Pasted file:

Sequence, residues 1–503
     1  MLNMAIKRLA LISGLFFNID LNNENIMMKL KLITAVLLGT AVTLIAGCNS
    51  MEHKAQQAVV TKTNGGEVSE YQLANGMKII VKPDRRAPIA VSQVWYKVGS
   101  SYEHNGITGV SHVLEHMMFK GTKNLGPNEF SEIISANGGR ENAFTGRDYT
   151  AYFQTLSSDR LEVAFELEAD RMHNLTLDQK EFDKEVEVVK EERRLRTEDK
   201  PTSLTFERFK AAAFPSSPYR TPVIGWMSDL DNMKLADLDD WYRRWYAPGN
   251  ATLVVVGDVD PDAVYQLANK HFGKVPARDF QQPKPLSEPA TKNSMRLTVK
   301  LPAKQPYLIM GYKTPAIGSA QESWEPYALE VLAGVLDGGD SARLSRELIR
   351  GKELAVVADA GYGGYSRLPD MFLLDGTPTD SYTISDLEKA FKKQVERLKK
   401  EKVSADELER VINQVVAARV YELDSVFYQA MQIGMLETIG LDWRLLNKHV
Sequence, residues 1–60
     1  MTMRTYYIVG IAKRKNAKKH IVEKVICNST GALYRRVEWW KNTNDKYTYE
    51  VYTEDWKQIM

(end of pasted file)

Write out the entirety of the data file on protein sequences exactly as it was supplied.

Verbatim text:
Sequence, residues 1–503
     1  MLNMAIKRLA LISGLFFNID LNNENIMMKL KLITAVLLGT AVTLIAGCNS
    51  MEHKAQQAVV TKTNGGEVSE YQLANGMKII VKPDRRAPIA VSQVWYKVGS
   101  SYEHNGITGV SHVLEHMMFK GTKNLGPNEF SEIISANGGR ENAFTGRDYT
   151  AYFQTLSSDR LEVAFELEAD RMHNLTLDQK EFDKEVEVVK EERRLRTEDK
   201  PTSLTFERFK AAAFPSSPYR TPVIGWMSDL DNMKLADLDD WYRRWYAPGN
   251  ATLVVVGDVD PDAVYQLANK HFGKVPARDF QQPKPLSEPA TKNSMRLTVK
   301  LPAKQPYLIM GYKTPAIGSA QESWEPYALE VLAGVLDGGD SARLSRELIR
   351  GKELAVVADA GYGGYSRLPD MFLLDGTPTD SYTISDLEKA FKKQVERLKK
   401  EKVSADELER VINQVVAARV YELDSVFYQA MQIGMLETIG LDWRLLNKHV
Sequence, residues 1–60
     1  MTMRTYYIVG IAKRKNAKKH IVEKVICNST GALYRRVEWW KNTNDKYTYE
    51  VYTEDWKQIM